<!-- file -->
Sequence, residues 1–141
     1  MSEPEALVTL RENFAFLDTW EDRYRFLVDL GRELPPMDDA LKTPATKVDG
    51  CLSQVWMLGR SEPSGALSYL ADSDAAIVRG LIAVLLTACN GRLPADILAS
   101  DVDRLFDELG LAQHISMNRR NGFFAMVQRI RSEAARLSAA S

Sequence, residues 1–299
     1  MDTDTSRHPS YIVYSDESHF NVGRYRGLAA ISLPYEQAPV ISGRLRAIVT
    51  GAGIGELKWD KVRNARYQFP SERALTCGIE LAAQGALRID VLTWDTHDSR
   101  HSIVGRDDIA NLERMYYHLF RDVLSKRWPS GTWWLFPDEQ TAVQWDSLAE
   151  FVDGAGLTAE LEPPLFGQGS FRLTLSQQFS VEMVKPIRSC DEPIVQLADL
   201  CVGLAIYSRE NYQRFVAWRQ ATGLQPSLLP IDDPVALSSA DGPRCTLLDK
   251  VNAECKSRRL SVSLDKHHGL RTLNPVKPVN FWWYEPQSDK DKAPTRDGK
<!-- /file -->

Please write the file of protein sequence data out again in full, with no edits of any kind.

Sequence, residues 1–141
     1  MSEPEALVTL RENFAFLDTW EDRYRFLVDL GRELPPMDDA LKTPATKVDG
    51  CLSQVWMLGR SEPSGALSYL ADSDAAIVRG LIAVLLTACN GRLPADILAS
   101  DVDRLFDELG LAQHISMNRR NGFFAMVQRI RSEAARLSAA S

Sequence, residues 1–299
     1  MDTDTSRHPS YIVYSDESHF NVGRYRGLAA ISLPYEQAPV ISGRLRAIVT
    51  GAGIGELKWD KVRNARYQFP SERALTCGIE LAAQGALRID VLTWDTHDSR
   101  HSIVGRDDIA NLERMYYHLF RDVLSKRWPS GTWWLFPDEQ TAVQWDSLAE
   151  FVDGAGLTAE LEPPLFGQGS FRLTLSQQFS VEMVKPIRSC DEPIVQLADL
   201  CVGLAIYSRE NYQRFVAWRQ ATGLQPSLLP IDDPVALSSA DGPRCTLLDK
   251  VNAECKSRRL SVSLDKHHGL RTLNPVKPVN FWWYEPQSDK DKAPTRDGK